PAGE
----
Edit: Thanks to Jay Jaffe, who alerted me to an MLB.com piece that mentioned a strained ligament in Julio Lugo’s finger, one that had negative connotations for his offensive production after reaching Los Angeles. I’d rank this on the list of reasons for decline ahead of his disposition while in LA. Lugo hit .310/.374/.511 prior to injury on July 22, and only .224/.285/.267 afterward.
Lugo is a fast baserunner who turns his speed and groundball hitting ability into hits, so he should usually perform over his eBABIP by a bit, as evidenced in 2004, 2005, and the first half of 2006. Even though he hit liners at a higher rate in Los Angeles than in Tampa, his groundball rate dropped considerably while his flyball rate rose; flyballs are detrimental to BABIP, and Lugo does not have the power to be a successful flyball hitter…
Lugo’s GB% in 2004-2005 was 49 percent, 50 percent in 2006 Tampa and only 39 percent in Los Angeles, so there was a significant drop in the second half of 2006. That was within the article of course. What was not in the article was his rate of infield hits and groundball hits for the past few years.
Lugo had 182 hits in 2005, and 26 of those came in the infield; that’s 14.3 percent of his hits. In Tampa in 2006, he had 18 infield hits out of 89 total for 20.2 percent. This dropped considerably in Los Angeles where Lugo had only 32 hits (3 infield ones) for 9.4 percent. It was not just the infield hits though: his groundball hits were down considerably as well. Lugo had 71 hits on groundballs in 2005 (39 percent of all hits that year) and 37 in Tampa during 2006 (42 percent of all hits). These figures dropped to 9 groundball hits and only 28 percent of all hits during his time in Tampa.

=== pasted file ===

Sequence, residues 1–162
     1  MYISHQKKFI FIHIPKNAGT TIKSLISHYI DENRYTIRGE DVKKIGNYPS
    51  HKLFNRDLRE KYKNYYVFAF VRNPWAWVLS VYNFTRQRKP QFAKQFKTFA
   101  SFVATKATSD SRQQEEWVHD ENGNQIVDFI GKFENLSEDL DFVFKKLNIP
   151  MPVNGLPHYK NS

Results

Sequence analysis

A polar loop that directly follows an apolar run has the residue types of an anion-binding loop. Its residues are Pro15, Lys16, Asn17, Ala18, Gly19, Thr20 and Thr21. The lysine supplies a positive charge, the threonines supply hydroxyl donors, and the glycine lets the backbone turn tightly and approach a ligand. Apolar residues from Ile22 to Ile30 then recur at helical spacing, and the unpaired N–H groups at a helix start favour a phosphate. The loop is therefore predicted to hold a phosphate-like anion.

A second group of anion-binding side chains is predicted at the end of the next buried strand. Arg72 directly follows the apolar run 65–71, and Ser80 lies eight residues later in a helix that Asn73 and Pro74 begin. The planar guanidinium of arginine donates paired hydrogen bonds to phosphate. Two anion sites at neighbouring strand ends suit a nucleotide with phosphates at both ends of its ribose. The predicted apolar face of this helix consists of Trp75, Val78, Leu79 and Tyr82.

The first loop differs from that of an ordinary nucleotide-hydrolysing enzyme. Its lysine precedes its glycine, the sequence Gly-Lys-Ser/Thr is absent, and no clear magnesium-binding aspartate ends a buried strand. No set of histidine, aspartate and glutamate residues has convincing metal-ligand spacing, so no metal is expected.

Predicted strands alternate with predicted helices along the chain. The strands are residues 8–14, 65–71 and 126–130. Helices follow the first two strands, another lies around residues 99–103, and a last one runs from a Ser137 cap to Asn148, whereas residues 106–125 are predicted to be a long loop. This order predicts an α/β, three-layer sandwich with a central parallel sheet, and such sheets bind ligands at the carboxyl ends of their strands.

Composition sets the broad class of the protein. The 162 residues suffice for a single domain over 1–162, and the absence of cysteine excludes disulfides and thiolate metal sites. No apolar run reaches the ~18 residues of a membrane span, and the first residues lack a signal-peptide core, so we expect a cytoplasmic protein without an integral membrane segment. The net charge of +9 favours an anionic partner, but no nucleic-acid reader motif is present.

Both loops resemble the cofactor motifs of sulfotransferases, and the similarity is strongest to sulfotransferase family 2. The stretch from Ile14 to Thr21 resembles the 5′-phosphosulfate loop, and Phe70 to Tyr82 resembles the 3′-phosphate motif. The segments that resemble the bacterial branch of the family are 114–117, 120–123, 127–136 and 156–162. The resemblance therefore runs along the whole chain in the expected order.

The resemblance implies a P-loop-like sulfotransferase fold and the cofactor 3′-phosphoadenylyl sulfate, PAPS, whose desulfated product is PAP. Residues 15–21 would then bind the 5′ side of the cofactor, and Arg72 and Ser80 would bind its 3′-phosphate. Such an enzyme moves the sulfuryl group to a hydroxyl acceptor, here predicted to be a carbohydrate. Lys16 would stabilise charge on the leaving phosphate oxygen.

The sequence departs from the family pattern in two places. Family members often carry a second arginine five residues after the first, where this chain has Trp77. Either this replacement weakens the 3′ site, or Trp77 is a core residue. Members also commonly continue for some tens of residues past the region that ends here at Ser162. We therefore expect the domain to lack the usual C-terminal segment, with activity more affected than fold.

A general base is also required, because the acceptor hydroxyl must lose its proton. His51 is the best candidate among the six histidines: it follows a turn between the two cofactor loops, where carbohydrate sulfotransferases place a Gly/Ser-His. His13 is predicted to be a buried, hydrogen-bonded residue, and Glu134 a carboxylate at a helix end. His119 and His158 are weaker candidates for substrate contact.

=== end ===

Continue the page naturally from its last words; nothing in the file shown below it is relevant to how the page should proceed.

It wasn’t just a case of poor luck either, as his groundball rate did drop 10 points from his 2002-2005 average of 49 percent. It’s tough to tell if Lugo just went into a funk because he was attempting to learn new positions–as well as playing without a set position–or if it’s a case of small sample size or a sour mood. Lugo has been publicly unhappy with the way he was handled in Los Angeles, even discussing it at the press conference announcing his joining the Red Sox:
It was a difficult situation for me being on the Dodgers. I wasn’t being myself. I’m the type of guy — I can’t be on the bench. I need to be out there wasting all my energy and trying to play and make something happen and just to be out there everyday and from now on, I’m just going to be myself. You try to improve every day, not only defensively, but offensively, the whole area. Basestealing, everything.
Considering how he has played in the years he knew he had a job versus those he fought for a position, the Sox shouldn’t be too worried about him producing. I’ll be watching this groundball issue as the year progresses though; the plan is to use Unfiltered to keep abreast of previously profiled players, and Lugo is one of those who fits the bill well.
Thanks to Jason Pare for digging up the infield data for this post